Chronobiologic quantification of nocturnal low-dose dopamine effect on circadian rhythms of thyroid-related hormones and prolactin (PRL).
Kerr DJ., Singh VK., Alexander WD., Sothern RB., Halberg F.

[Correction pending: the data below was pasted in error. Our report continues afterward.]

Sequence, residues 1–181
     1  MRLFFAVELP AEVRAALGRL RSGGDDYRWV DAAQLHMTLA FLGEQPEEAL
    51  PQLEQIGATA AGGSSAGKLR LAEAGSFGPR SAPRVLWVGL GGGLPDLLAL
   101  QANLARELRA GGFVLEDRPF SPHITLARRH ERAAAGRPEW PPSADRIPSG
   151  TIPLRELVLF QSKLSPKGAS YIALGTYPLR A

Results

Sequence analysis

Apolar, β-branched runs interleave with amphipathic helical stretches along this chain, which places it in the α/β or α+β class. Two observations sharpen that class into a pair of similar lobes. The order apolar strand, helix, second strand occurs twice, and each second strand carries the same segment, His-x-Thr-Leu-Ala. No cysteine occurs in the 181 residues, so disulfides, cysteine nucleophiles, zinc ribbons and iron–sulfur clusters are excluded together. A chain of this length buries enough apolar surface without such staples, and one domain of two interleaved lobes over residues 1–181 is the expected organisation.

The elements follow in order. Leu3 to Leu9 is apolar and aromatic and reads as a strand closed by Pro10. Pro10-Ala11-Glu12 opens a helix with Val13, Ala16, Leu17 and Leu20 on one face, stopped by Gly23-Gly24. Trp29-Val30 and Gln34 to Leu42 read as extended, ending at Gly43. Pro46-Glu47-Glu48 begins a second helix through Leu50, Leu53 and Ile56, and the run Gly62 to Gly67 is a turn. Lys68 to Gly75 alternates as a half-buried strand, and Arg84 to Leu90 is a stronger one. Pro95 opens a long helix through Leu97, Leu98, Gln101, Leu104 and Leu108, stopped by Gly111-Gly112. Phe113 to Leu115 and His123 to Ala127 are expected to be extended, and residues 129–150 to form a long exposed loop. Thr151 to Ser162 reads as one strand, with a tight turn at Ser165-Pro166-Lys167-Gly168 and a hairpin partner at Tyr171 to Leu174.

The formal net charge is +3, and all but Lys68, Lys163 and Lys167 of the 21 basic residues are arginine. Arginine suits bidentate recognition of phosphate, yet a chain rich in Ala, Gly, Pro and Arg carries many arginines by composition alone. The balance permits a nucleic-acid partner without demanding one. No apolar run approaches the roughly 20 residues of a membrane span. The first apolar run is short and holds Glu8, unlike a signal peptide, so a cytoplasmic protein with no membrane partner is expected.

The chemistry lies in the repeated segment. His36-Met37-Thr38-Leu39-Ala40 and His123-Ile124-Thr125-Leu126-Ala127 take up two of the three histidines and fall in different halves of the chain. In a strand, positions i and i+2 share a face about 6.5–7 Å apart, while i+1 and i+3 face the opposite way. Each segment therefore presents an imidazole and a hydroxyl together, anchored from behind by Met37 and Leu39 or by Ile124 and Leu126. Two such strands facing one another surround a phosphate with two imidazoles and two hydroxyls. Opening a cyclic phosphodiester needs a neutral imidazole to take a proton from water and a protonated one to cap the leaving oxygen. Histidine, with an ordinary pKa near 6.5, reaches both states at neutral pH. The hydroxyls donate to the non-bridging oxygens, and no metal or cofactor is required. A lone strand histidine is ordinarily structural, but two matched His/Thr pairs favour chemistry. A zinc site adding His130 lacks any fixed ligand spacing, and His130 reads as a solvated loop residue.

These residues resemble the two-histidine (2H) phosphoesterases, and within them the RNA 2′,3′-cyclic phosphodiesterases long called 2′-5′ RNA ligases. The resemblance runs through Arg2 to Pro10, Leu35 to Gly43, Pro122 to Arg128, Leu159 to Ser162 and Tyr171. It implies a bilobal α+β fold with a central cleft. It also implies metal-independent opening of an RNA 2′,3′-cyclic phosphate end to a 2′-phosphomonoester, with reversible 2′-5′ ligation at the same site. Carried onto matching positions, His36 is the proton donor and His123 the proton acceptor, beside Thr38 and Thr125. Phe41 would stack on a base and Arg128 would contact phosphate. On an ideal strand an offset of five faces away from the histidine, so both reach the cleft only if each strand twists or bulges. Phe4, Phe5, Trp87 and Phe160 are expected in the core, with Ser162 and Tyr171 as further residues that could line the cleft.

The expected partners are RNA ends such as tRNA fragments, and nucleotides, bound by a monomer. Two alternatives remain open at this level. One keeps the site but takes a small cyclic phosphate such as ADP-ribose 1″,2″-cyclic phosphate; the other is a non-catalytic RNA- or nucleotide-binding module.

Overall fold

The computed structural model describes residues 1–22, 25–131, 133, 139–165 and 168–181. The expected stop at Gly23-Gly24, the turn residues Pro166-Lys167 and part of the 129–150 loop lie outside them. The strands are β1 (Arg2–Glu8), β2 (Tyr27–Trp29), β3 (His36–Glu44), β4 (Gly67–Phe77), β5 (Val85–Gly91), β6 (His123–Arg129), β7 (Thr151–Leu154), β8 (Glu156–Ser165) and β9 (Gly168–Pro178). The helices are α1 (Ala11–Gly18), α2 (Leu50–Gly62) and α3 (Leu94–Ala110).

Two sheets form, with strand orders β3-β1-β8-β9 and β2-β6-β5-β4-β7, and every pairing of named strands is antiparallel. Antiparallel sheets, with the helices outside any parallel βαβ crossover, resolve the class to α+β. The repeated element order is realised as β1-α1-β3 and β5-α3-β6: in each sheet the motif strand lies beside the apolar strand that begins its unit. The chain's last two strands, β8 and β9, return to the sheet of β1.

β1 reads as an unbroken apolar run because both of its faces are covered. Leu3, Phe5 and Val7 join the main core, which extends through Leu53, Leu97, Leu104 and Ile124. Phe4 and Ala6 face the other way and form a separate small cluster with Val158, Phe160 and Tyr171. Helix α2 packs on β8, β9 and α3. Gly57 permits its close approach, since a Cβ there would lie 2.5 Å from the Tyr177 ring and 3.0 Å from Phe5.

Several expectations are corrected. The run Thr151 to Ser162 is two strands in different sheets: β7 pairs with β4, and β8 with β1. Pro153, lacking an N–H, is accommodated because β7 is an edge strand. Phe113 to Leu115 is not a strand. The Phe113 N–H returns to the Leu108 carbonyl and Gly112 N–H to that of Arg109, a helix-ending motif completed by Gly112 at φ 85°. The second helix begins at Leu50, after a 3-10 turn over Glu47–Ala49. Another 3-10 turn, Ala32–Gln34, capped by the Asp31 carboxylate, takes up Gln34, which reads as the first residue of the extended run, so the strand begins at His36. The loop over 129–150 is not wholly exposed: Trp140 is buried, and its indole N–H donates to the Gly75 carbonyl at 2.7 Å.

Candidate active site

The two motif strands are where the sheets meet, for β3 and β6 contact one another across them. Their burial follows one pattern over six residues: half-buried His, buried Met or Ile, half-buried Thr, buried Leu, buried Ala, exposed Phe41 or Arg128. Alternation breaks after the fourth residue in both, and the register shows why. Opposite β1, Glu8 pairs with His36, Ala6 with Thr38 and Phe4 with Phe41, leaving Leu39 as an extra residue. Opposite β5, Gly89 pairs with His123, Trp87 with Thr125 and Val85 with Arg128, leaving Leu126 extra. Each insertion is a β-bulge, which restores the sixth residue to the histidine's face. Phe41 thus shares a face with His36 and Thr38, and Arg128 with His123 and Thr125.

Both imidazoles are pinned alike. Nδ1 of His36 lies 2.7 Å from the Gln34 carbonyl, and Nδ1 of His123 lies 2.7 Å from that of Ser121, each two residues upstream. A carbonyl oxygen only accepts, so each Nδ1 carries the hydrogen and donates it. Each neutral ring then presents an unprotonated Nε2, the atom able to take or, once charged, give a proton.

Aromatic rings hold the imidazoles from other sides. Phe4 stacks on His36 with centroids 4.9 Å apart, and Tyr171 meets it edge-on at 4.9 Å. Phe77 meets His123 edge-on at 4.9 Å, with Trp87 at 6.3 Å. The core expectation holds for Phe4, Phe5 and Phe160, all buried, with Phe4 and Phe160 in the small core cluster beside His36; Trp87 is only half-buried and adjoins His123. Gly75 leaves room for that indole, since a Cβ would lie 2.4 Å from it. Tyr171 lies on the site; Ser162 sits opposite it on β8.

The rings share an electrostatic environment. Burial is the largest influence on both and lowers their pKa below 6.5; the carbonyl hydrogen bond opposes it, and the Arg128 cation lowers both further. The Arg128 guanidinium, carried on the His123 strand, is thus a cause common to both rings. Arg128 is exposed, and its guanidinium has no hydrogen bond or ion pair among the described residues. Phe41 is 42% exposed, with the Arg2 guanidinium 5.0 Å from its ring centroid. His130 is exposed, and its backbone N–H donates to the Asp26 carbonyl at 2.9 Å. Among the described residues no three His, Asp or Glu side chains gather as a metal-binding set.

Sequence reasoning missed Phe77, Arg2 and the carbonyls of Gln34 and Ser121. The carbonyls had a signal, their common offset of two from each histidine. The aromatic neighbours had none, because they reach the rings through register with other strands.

Six clinically-healthy young men provided plasma samples every 30 min for 24 h (from 09:00-09:00 on 2 occasions. TSH, free T3 and free T4 were determined in the 30-min samples, while prolactin was determined in samples 1-3h apart. During the first test span, each man received an infusion of physiologic saline between 21(00)-01(00). Upon re-sampling several weeks later, 3 men received a low dose of dopamine (0.1 microgram/kg/min) and 3 men received a high dose (1.0 microgram) over the same hours (21:00-01:00). The least-squares fit of a 24-h cosine to each data series described a statistically-significant circadian rhythm (p less than 0.01) for each subject on each day of study. While overall group comparisons revealed no significant difference in mesor for any hormone studied, some intra-individual differences in rhythm parameters between saline and dopamine infusion were found. Dopamine Rx produced a statistically-significant increase in amplitude for PRL and T4 and an advance in acrophase for TSH, T3 and T4, but a delay for PRL. Studies measuring hormones of interest for the 24th immediately preceding and the 24th immediately following dopamine infusion at varying circadian stages (rather than only between 21:00-01:00) are warranted and have to be individualized--one of the points of this paper. The other main point is that data reduction to a mean and a standard deviation entails loss of information that can be recovered by chronobiologic methods, here used only as a model, in view of the limitations of the sampling design on hand.